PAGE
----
Taylor Swift’s songs have prepared me to advocate and write on SMA

An ardent fan explains how this pop career has influenced her own

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by Sherry Toh |

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Regular readers of my column may know that I love Taylor Swift.

I’ve written multiple columns explaining how her songwriting has given me solace. I still buy physical copies of her albums (even though my laptop has no CD drive), and I’ve attended her concerts each time she’s visited my home island, Singapore. Recently, I swept my best friend, Brianna (Brie) Albers, into the deep ocean that is Swiftie fandom. In fact, I’d argue that I’ve dethroned my fellow SMA News Today columnist Alyssa Silva as Swift’s No. 1 fan.

Swift’s influence is threaded throughout the tapestry of my life — from my love of cat-eyeliner “sharp enough to kill a man” to my wish to believe that there’ll always be beautiful things and people in the world. But I’ve never talked about how she and her songs shaped me as a writer and SMA advocate.

So in honor of her Eras Tour, which began March 17 as a celebration of her 17-year recording career, I’ve decided to share the top three ways Swift has influenced my own career.

(For those who aren’t Swifties, the following subheadings are lyrics from her songs “You’re on Your Own, Kid,” “Eyes Open,” and “Dear Reader,” respectively. You can listen along with a Spotify playlist I made.)

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‘Something different bloomed/ Writing in my room’

From as young as 16, Swift has had a keen eye for detail. Across her discography, merchandise, and other media, she’s left secret messages for fans in the lyrics printed on her album booklets; planned music releases to fall on dates that add up to her lucky number, 13; and planted Easter eggs that reference literary works and happenings in her life. In doing so, she’s created a narrative of herself tied together with invisible strings.

I picked up on Swift’s dedication and skill, and it’s helped to improve my writing and planning. I keep spreadsheets of my column deadlines and ideas, doing my best to align them with significant dates. A good example, coincidentally, is the column I wrote on her rerecording of her album “Fearless,” which walked me through memories of growing up while living with SMA.

I write primarily for other girls with SMA and try to paint a cohesive narrative of my journey, much as Swift does, by using common themes, like the concepts of value and romance. For extra fun, I sprinkle Easter eggs, pop culture references, puns, and wordplay over my work, too.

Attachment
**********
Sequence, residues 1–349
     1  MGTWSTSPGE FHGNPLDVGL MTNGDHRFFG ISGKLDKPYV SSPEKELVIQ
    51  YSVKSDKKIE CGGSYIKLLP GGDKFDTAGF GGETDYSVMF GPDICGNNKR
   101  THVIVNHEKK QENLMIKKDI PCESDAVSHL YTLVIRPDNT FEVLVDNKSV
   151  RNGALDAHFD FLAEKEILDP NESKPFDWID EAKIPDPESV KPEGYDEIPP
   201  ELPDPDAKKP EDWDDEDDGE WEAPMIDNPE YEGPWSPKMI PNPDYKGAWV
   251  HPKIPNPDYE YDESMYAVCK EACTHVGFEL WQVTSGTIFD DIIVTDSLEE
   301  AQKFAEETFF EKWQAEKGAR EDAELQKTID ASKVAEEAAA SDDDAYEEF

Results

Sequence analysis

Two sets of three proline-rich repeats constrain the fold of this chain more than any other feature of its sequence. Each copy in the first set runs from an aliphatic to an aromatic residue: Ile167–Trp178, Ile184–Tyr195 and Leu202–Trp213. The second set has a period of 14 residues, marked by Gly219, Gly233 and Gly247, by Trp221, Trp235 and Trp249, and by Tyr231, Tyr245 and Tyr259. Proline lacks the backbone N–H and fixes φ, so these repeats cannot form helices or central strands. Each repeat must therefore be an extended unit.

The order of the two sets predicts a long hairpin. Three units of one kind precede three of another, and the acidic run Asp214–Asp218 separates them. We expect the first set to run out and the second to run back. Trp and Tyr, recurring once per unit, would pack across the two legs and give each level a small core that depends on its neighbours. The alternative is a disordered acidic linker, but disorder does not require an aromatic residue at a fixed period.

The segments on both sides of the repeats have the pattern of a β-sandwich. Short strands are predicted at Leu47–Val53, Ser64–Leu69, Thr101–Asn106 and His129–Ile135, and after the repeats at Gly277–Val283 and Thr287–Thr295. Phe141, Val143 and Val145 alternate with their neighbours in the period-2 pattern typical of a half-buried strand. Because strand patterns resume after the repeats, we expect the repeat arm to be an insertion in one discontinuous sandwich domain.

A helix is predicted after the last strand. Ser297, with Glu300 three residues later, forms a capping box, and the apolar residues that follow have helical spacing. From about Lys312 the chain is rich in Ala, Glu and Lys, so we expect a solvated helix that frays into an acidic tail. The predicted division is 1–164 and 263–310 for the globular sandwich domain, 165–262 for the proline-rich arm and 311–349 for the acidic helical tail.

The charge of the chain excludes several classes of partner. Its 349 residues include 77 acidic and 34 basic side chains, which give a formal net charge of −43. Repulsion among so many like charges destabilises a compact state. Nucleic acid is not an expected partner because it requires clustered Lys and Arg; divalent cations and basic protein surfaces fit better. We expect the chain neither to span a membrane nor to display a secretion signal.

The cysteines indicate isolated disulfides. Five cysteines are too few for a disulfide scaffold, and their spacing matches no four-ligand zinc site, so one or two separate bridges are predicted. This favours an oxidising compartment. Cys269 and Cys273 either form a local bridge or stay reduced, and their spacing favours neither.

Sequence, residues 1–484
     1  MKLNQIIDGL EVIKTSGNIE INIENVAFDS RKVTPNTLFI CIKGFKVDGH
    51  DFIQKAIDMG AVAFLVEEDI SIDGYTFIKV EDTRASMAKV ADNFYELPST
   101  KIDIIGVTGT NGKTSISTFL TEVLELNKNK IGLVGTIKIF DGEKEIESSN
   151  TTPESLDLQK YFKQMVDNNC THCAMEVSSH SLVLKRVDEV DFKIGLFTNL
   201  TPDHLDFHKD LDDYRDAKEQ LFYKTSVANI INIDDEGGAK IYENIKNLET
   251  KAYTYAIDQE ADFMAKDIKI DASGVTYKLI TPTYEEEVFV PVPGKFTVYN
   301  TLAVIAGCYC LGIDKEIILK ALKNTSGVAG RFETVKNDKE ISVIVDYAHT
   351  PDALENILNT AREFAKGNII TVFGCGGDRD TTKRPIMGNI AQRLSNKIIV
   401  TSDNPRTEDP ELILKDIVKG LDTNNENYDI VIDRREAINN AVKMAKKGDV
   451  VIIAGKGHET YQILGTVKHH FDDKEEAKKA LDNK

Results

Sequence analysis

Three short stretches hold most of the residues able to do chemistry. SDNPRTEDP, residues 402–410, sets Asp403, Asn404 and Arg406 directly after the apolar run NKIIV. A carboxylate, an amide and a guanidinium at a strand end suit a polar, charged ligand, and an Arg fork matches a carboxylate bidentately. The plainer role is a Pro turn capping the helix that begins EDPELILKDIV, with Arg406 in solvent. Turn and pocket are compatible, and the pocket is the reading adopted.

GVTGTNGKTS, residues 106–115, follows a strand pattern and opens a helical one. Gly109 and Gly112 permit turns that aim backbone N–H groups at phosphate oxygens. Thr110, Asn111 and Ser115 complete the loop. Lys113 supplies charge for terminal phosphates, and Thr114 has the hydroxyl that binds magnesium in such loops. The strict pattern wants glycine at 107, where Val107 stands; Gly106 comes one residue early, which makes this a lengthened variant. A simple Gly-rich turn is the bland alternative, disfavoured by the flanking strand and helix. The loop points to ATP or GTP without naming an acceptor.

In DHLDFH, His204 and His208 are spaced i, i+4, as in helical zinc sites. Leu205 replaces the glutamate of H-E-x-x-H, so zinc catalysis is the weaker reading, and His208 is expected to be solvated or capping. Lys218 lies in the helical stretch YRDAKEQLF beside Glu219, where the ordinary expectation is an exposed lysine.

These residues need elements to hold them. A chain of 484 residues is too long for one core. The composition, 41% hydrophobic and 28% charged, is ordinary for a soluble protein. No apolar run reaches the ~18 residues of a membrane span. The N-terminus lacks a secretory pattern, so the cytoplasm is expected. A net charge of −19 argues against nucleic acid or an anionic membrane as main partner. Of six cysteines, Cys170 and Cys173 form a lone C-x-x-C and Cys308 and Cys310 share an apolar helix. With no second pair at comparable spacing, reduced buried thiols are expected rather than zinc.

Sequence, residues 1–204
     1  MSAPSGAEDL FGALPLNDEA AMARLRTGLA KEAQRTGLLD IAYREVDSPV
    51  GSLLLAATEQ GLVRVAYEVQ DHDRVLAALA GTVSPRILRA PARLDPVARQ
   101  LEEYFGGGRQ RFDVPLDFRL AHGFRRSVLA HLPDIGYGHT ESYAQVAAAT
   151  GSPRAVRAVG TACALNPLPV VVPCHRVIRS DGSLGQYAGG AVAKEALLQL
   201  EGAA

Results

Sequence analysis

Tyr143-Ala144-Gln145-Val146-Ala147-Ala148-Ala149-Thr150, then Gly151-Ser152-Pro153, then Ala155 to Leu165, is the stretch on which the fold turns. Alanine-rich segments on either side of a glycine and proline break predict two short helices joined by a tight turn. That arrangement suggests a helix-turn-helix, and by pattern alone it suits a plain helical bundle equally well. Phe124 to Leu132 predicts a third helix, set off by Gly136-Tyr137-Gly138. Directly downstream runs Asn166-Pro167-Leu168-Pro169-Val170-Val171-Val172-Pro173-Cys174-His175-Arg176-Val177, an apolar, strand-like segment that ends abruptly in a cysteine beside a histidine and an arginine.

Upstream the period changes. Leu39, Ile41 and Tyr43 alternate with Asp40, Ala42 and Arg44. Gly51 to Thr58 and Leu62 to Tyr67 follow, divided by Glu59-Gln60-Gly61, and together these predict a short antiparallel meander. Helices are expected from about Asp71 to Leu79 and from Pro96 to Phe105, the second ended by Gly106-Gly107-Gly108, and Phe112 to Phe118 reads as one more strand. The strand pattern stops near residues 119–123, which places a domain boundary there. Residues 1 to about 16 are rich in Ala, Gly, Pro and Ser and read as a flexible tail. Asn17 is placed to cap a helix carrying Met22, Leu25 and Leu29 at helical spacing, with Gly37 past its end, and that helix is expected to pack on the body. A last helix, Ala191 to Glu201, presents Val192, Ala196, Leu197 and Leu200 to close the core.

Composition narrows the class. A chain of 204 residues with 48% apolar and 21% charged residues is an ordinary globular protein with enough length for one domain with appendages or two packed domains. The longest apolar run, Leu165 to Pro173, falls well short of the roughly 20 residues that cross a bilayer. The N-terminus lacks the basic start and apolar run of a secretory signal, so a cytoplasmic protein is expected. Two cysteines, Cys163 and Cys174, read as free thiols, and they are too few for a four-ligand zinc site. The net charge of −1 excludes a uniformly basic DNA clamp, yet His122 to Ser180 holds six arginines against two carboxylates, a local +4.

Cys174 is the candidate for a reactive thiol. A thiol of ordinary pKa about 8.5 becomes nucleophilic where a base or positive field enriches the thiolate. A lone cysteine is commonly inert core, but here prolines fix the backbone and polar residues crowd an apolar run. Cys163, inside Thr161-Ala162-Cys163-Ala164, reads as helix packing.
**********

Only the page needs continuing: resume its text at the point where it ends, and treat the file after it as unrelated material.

‘Even when you’re sleeping/ Keep your eyes open’

When Swift rereleased her 2012 single “Eyes Open” to celebrate her Eras Tour, I told Brie it was like an anthem for people who grow up to be advocates.

In it, Swift describes the tricky part of winning battles with wooden swords and dreaming of happy endings as children, only to grow up and realize the world is cruel and keeps score — hence the need to keep our eyes open, as everybody is waiting for people in the limelight to break down.

Though the song was written for the “Hunger Games” soundtrack and may have been inspired by Swift’s stratospheric rise, it reminded me that I need to be careful and strategic as an advocate. Certainly, I’m now feeling the pressure of fundraising for a year’s worth of the disease-modifying treatment Evrysdi (risdiplam). I’m the first adult to do so in Singapore, and whatever happens may set off a domino effect for other SMA patients here.

Yet if I didn’t fundraise, I don’t know how else I’d point out that a lifesaving drug shouldn’t be $375,000 a year in Singapore dollars (a bit over $280,000 U.S.). Someone had to say we shouldn’t keep score when it comes to healthcare.

‘No one sees when you lose/ When you’re playing solitaire’

Lastly, Swift’s music and career taught me that everyone shows a different side of themselves to different people. On stage and on the page, singers and writers may be like mirror balls, with their stories reflecting ours back at us. But we’re all ultimately just complex, messy human beings. It’s easy to forget that you can’t know if someone is going through a tough time unless they show you — especially if their job requires them to perform in some way.

So we shouldn’t put people on pedestals, and we must extend grace whenever we or others inevitably make a mistake.

It’s crazy to think I’ve listened to Swift’s music since I first heard “Love Story” on the radio when we were 14 years younger. Throughout that time, I’ve witnessed her rise and her supposed 2016 fall, after Kim Kardashian released a segment of a phone call between Swift and Kanye West that made #TaylorSwiftIsOverParty trend on Twitter.

A full version of the call, however, corroborated Swift’s version of events, and with record-shattering albums, she’s long since bounced back and is doing better than ever. I’ve learned so much by growing with her, and I hope I can continue to do that for another decade or two at least.

Though there’s a 1 in 13 billion chance that the stars align and you’re reading this, Taylor: Thank you.

Note: SMA News Today is strictly a news and information website about the disease. It does not provide medical advice, diagnosis, or treatment. This content is not intended to be a substitute for professional medical advice, diagnosis, or treatment. Always seek the advice of your physician or other qualified health provider with any questions you may have regarding a medical condition. Never disregard professional medical advice or delay in seeking it because of something you have read on this website. The opinions expressed in this column are not those of SMA News Today or its parent company, BioNews, and are intended to spark discussion about issues pertaining to spinal muscular atrophy.


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